America’s COVID lockdown is entering its third month and plans to relax restrictions and open economies are leaving lawmakers with a difficult choice between public health and economic well-being. Those daunting decisions are largely in the hands of our nation’s governors.
This delicate US policy tradeoff played out last week when we heard from both Fed Chairman Jerome Powell, representing the economy, and Dr. Anthony Fauci, America’s public health champion. Dr. Fauci, a member of the White House Coronavirus Task Force, warned senators that states and cities could face serious consequences if they were to open up too quickly. He urged that they remain closed until they are confident that they could handle the inevitable uptick in cases. Powell issued dire warnings on the economy, arguing that without further economic stimulus the US could suffer through years of sluggish growth and meager job gains long after the pandemic passes. During an interview following his Tuesday remarks he asserted, “There is a growing sense that the recovery may come more slowly than we would like, but it will come. And that may mean that it’s necessary for us to do more.”
Lawmakers face a dilemma. Focusing exclusively on public health to flatten the curve long enough to wait for a treatment or vaccine would inflict significant damage to the economy, estimated at $1 trillion per month. Conversely, focusing exclusively on the economy, ignoring all social distancing and letting the virus run its course would lead to more than two million deaths, according to estimates.
As states and municipalities reemerge from a two-month lockdown, questions emerge from both sides of the wealth vs health debate. Public heath proponents worry that opening too quickly could spark an escalation of infections, while economists wonder how quickly economic normality can be restored, given both the lack of willingness, due to flagging confidence, and/or ability, due to unemployment, to spend.
Sweden might be the perfect case study. The country encouraged social distancing, but never locked down. Children under 16 were permitted to stay in school, because Swedish authorities believed youngsters are neither vulnerable to the virus nor the source of transmission. Moreover, keeping children in school enabled their parents to go to work, allowing most businesses stay open. Scientists there, led by epidemiologist Anders Tegnell, argue that government shutdowns lack scientific basis, and people should maintain a normal life. By allowing young, healthy people to become infected and recover, the country’s total population would be better protected. Sweden’s laissez-faire approach could eventually lead the country toward “herd immunity,” where enough of the population gets infected and becomes immune that the virus is longer a threat. Experts estimate that herd immunity would require 60-70 per cent of the population to be infected, which would be accompanied by an expanded death toll. Other studies estimate herd immunity could be achieved at the 10-20 per cent level. While it remains to be seen whether or not Sweden’s strategy will work, the country’s death rate peaked higher than those of the United States and their Nordic neighbors. Officials point out that half of Sweden’s deaths occurred among retirement home residents, a fact that they regret, recognizing they have done a poor job protecting the elderly.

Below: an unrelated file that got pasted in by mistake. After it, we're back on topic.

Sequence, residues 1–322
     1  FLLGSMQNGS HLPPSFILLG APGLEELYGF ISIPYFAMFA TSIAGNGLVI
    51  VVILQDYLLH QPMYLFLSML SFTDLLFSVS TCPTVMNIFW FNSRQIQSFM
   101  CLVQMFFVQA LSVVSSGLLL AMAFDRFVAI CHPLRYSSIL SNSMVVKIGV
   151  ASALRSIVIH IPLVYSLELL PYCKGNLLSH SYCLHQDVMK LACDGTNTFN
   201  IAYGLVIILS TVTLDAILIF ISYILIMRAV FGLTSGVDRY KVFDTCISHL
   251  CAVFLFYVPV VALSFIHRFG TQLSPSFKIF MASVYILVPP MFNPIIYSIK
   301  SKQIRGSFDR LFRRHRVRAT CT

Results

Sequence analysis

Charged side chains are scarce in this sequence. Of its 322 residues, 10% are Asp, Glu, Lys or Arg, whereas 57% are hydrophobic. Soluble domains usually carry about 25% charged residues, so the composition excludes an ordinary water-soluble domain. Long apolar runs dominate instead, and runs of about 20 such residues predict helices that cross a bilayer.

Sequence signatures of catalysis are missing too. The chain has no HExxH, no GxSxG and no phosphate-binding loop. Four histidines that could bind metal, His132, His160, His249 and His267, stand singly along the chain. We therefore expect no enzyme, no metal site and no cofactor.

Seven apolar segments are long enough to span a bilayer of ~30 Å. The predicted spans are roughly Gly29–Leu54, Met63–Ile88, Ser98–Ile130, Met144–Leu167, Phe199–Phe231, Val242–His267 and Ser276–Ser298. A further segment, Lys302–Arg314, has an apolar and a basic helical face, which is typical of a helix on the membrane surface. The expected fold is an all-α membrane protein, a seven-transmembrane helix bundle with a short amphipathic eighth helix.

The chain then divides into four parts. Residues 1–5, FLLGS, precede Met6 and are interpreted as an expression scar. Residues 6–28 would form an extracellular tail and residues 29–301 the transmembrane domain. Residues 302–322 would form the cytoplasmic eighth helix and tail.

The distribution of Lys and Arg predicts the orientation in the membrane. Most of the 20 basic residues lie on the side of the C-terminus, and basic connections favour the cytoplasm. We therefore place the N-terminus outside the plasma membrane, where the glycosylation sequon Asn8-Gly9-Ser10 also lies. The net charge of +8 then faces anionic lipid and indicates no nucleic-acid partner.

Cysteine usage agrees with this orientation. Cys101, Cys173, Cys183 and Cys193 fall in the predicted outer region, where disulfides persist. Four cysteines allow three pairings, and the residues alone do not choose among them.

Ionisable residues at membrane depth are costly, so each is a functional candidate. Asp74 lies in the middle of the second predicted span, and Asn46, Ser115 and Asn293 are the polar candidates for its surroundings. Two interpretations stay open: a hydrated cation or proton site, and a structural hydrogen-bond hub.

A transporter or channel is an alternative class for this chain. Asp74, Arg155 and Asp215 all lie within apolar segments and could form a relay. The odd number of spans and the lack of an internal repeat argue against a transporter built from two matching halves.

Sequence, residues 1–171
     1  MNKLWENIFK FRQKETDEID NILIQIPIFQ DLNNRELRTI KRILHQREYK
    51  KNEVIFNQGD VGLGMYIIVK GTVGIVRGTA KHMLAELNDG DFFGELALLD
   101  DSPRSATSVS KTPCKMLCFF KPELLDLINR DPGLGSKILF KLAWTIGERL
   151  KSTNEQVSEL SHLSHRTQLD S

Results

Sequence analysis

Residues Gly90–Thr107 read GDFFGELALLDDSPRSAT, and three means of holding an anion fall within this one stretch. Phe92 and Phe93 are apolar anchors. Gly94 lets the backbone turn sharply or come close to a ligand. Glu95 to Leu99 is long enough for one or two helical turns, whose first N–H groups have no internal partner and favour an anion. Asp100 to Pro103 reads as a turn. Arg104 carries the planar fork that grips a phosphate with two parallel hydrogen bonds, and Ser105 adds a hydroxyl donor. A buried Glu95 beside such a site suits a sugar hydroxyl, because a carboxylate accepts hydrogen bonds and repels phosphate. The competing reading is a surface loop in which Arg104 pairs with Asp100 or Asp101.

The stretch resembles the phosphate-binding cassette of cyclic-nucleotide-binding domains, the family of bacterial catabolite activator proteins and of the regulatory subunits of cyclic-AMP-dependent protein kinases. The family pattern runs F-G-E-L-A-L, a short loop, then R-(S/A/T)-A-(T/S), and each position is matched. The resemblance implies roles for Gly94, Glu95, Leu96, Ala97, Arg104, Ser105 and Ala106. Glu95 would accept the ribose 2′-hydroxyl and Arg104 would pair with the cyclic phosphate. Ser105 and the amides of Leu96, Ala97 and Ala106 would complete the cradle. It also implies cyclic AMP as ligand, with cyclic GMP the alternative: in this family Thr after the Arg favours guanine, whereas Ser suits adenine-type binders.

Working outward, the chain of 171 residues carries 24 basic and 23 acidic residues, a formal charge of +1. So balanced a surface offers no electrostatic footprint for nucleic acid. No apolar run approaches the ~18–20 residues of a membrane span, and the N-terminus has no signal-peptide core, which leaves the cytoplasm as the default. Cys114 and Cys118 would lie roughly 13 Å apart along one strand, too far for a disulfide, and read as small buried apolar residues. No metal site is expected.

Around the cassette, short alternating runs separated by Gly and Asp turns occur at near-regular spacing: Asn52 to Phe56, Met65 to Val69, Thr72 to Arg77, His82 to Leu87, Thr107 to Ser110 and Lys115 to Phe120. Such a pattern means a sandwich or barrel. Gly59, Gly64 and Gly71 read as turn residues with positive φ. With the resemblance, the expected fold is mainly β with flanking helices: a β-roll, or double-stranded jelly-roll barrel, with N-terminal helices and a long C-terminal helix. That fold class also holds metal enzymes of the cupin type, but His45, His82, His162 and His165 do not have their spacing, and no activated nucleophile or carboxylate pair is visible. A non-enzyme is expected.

Sweden might be well on its way toward herd immunity. To date, Sweden has reported roughly 3,700 COVID-related deaths. We estimate that just over 10 per cent of the population has been exposed, based on a 0.36 per cent mortality rate. That compares to about 7 per cent of the US population, using the same formula.
Even though protecting the economy was not a stated aim of Sweden’s COVID-19 strategy, lighter restrictions have provided some insulation. The country’s retail sales growth through March, the latest data available, slipped only 1.7 per cent as stores remained open. Sweden’s retail activity compares favorably to that of its neighboring countries, which instituted lockdowns during that month. US retail sales growth suffered the biggest decline, sliding more than 8 per cent, even though American cities didn’t lock down until the middle of the month. Regarding other sectors, Sweden’s tourism trade, understandably, has evaporated, and exports have also contracted as the country’s trading partners have shut down.